01 February 2019
A recent competition to design a new home for the Bauhaus collection in Weimar attracted 536 entries, not only from within Germany but also across Europe and the wider world.
Rebuilding Bauhaus: 100 Years On
By Lauren Throup
Summer 2011 saw the launch of a competition to design a New Bauhaus Museum in Weimar, aiming to finally provide a suitable home for the collection in the city where Bauhaus was first conceived. After the reunification of Germany in 1990, the Eastern city that was already a destination for cultural tourism owing to the Romantic writers Goethe and Schiller realised the drawing power of being the first home of the Bauhaus from 1919-1925.
During the period of the DDR, a considerable collection of objects and documents was assembled and, at present, Weimar holds the second largest collection of Bauhaus artefacts in the world, with over 300 items that offer a unique and invaluable insight into the development of the Bauhaus School in its early years. Since 1995 the collection has been displayed in a classical building opposite the city’s historic theatre, charming but inadequate in size.
The competition attracted 536 entries, not only from within Germany but also across Europe and the wider world. The winning entry, by German architects Heike Hanada in association with Benedict Tonon, was announced in early 2012. Their bold design houses six floors within a single rectilinear structure that incorporates spacious, white interiors that will allow the exhibited pieces to take pride of place in their new home, still close to the historic centre. Competition judges were particularly impressed by the deceptively simple design, the exterior of which consists of illuminated glass panels which, by night, will give the museum a translucent appearance.
The Weimar competition is just one branch of an array of events and celebrations planned to coincide with the centenary year of the establishment of Bauhaus by Walter Gropius in 1919.
A similar competition has seen Spanish architectural firm Gonzalez Hinz Zabala win the contract to design and build another new Bauhaus museum in Dessau, where the school moved in 1925 into the world-famous building designed by Gropius with Adolf Meyer, in which the collections on show were even more cramped than in Weimar.
Gonzalez Hinz Zabala won out after initially having been awarded joint first with New York firm Young & Ayata. The American design, which featured a conglomerated network of organic-looking pods built over a labyrinth of walkways that would have connected the museum and the park surrounding it, ultimately lost to Gonzalez Hinz Zabala’s less outlandish, though still stunningly effective, design.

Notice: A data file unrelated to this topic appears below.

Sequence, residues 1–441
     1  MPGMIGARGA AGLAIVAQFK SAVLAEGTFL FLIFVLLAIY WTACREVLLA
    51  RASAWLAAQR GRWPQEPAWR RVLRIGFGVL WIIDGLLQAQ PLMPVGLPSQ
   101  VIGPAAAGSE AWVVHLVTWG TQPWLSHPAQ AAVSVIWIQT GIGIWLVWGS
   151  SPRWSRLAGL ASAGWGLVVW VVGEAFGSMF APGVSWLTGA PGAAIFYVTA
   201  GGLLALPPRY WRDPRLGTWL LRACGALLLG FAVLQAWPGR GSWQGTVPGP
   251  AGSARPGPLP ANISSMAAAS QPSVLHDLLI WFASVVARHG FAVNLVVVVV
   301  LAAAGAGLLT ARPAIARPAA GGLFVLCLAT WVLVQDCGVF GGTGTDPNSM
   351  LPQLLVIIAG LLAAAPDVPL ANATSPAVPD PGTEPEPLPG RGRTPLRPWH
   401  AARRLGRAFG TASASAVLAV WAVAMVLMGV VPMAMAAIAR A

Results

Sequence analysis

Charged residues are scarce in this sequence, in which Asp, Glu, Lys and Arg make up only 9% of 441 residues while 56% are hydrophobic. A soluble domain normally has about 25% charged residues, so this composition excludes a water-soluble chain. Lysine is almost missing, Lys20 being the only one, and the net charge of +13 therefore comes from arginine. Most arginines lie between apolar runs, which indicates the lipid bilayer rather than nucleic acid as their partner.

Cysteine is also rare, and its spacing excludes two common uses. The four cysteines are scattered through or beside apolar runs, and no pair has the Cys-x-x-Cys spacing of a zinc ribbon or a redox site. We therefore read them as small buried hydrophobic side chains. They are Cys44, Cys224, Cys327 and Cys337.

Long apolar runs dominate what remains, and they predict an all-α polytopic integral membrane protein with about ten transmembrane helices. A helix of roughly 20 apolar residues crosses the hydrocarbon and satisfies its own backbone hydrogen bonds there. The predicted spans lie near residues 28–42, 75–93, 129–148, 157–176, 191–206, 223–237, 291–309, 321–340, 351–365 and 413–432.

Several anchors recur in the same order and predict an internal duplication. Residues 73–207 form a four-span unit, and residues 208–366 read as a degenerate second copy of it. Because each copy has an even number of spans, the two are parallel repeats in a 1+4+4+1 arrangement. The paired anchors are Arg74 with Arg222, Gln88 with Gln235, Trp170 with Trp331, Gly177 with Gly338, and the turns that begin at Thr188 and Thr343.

Gonzalez Hinz Zabala's 'black box' design will feature a two-storey outer shell of glass and steel, within which an upper floor unit, intended as the primary exhibition space, will be suspended. This will create a foyer on the ground level enclosed within glass walls, encouraging unity with the surrounding park, and offering flexibility as an additional exhibition space within the museum.
Meanwhile, the Bauhaus Museum (Bauhaus-Archiv, Museum für Gestaltung) near the Landwehrkanal in the former West Berlin, which first opened in 1979 in a posthumous building by Gropius, is undergoing a major refit for the centenary.
Led by Tour Director Alan Powers, ACE Cultural Tours’ Bauhaus: German Modern Art and Design tour for 2019 is set to include a visit to the newly completed museum in Weimar, while the two other projects are expected to open later in the year. The tour places the Bauhaus in its historical context, with visits to preserved textile and pottery workshops, museum collections and buildings by Gropius’s contemporaries, such as Erich Mendelsohn.
Early in 2019, Thames and Hudson will publish Alan’s new book, Bauhaus Goes West, an investigation of the exchange of skills and insights that took place as former Bauhaus staff and students fled Nazi Germany and settled in Britain and the USA.